Mobius: don't write off Thailand

As part of our investor outlook 2004 series, we speak to Templeton''s larger than life managing director, Mark Mobius.

Mark Mobius has been an emerging market investor for as long as there have been emerging markets, and here he gives his views as Templeton's supreme asset allocator on how he thinks Asia will do in 2004.

What do you think are going to be the main trends for 2004 in the Asian markets?

Mobius: I see three main trends. Firstly consumerism and consumer products are going to be the investment theme going forward. Secondly, commodities will also be a focus, given the increased demands of Asian industries. Thirdly, we'll see countries in Asia converging more and more as they increase trade with each other. We see this between Taiwan and China, China and Hong Kong and Korea and China.

Do you think China can sustain its current growth rates?

China's growth has to eventually slow down in percentage terms. This doesn't mean the economy stops growing, but the bigger the economy gets the harder it is to produce those kinds of growth rates. But rapid growth can continue, particularly when you see the way the Chinese have been changing the rules and regulations to favour more investment.

Do you participate in China's A-share market? Is this as an interesting opportunity?

Currently, we do not participate in the A-share market. But we are applying for an allocation. We think the market is interesting, but a bit expensive so at the moment we may be better off investing in H shares. But, the attraction of the A-share market is that it is very broad and you get a lot of exposure.

Are you as enthusiastic about India?

I am hesitant about India. It's already moved up quite a lot and the valuations are beginning to look expensive. However, if the government moves forward on its privatization this would be a positive. It would provide money for the government to balance its budget. It would also provide liquidity in the market, at hopefully reasonable prices. This scenario could be quite interesting.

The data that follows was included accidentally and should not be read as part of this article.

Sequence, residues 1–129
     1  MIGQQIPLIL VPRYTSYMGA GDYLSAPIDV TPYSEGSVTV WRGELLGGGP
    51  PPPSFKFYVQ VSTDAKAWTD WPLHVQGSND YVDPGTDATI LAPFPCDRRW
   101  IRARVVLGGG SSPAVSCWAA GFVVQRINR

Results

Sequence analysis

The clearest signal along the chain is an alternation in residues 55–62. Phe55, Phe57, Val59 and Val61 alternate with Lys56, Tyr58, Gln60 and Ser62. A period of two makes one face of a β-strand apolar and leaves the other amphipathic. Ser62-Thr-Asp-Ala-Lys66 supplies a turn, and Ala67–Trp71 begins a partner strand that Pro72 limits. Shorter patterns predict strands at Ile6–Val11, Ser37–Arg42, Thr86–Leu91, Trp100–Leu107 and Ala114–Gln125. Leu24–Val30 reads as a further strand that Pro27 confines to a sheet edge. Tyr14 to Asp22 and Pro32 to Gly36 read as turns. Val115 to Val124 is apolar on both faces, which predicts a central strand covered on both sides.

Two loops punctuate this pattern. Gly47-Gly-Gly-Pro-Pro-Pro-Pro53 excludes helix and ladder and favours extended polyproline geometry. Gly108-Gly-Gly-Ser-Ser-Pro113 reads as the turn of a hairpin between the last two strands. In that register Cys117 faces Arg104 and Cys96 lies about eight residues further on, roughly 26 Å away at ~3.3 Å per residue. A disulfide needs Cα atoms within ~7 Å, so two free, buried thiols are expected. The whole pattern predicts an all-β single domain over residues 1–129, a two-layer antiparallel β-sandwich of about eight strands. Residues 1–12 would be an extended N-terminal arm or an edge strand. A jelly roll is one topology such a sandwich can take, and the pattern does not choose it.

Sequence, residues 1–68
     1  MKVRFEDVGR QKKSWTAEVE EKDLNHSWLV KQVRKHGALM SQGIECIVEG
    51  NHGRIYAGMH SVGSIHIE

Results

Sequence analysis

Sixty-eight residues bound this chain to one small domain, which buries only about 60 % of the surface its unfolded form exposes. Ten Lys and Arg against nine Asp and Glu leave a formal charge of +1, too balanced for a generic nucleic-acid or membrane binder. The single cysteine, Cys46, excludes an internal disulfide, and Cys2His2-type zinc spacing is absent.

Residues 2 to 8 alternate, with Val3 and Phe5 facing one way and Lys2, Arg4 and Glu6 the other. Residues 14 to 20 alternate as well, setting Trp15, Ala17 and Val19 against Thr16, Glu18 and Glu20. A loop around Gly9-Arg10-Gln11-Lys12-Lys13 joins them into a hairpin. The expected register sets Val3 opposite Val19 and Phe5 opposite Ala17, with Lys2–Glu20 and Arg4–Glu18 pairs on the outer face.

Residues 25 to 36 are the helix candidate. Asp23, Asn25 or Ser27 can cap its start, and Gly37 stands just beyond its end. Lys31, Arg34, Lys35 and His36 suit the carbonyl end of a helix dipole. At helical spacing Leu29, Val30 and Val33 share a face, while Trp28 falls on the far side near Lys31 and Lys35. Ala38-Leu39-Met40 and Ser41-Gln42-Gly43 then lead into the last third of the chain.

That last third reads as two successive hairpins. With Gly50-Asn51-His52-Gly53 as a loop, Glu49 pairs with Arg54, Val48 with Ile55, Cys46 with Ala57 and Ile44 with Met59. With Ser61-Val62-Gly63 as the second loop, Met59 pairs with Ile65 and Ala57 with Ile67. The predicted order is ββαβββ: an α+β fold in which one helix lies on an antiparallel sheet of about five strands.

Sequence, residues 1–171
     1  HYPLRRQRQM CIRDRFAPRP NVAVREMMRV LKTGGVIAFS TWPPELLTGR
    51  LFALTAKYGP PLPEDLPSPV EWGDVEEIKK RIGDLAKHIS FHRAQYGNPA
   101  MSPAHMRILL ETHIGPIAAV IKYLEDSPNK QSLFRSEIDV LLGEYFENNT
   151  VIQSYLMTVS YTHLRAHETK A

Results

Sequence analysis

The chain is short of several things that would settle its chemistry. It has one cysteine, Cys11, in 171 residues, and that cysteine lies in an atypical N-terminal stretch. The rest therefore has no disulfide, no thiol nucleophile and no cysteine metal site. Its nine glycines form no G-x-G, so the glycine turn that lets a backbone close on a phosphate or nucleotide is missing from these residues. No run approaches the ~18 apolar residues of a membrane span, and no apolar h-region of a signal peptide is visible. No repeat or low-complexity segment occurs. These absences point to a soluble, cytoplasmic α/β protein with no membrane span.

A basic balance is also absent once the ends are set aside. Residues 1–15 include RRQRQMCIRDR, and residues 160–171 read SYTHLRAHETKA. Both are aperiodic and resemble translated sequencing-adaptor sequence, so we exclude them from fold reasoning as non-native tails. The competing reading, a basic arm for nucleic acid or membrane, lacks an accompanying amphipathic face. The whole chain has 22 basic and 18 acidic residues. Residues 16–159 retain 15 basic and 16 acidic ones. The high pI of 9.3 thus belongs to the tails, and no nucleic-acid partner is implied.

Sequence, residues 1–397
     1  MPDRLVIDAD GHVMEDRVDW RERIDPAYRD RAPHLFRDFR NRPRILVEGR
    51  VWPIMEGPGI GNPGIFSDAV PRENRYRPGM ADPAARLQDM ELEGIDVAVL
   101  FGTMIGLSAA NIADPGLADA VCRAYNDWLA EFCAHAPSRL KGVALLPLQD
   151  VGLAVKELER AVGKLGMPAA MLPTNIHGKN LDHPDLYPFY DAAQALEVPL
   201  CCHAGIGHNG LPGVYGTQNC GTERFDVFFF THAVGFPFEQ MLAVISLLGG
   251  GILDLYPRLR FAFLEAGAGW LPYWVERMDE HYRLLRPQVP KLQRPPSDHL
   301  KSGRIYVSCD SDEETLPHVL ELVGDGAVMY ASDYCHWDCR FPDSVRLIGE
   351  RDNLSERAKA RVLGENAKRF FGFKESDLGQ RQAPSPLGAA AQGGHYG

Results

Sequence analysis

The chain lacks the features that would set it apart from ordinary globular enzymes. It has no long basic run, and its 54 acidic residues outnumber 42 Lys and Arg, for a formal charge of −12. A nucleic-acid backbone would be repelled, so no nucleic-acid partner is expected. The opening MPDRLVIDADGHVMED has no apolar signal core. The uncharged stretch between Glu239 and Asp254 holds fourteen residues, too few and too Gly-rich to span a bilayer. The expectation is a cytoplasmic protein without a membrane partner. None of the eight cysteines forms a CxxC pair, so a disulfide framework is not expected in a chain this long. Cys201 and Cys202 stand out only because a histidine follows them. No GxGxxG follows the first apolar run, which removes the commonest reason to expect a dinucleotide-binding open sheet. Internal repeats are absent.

Investors seem to have mixed sentiments about Korea. What do you think are the prospects for 2004?

I think we might be in for a big ride in the case of Korea. They have had a lot of problems with the chaebols. I'm waiting for them to go after Samsung. That will have an interesting impact on the market, particularly because a lot of foreigners are not aware of this as a potential problem. Despite that, some of the stocks have gone up a lot, and some valuations are still attractive. I certainly would not be a seller.

Do you think the Thai market is now overvalued?

No, not really. Some of these stocks look very attractive. We sold some Thai stocks in the past, thinking they looked expensive. However, suddenly they have started looking cheap again. The problem is that we are sitting on stocks and can't see ahead. They look expensive, but then suddenly there is an improved earnings announcement, and the value looks better. I wouldn't write off Thailand by any means.

Do you think that the bullrun we have seen in the last six months will continue into 2004?

Usually markets do tend to overshoot what is actually happening on the ground. I don't think we would see the same kinds of increases next year, but at the same time this run may not be over. We are still way behind where we were before 1997. So, there is certainly room for this kind of performance to continue. But it is anybody's guess for how long. I wouldn't dare to put money on that. We put money on companies that are good value from a long-term point of view.

Do you think that the levels the market reached before 1997 were realistic?

No. But these things happen. It's very difficult to say that it will never happen again. Those that forget history are doomed to repeat it, and that I think is the case here.

What is your big prediction for 2004?

Happy investors and bull markets all around. We have healthier companies with stronger balance sheets as well as more awareness of corporate governance. I think this is very positive.

FinanceAsia is running a competition to predict the level of our Asian blue chip index The FinanceAsia 100 and a case of champagne will be awarded to the entrant that comes closest to predicting the level on December 17. If anyone predicts the number exactly, they will win an iPod music player. The current level of the index is 1220 and entries should be made as round numbers to [email protected]

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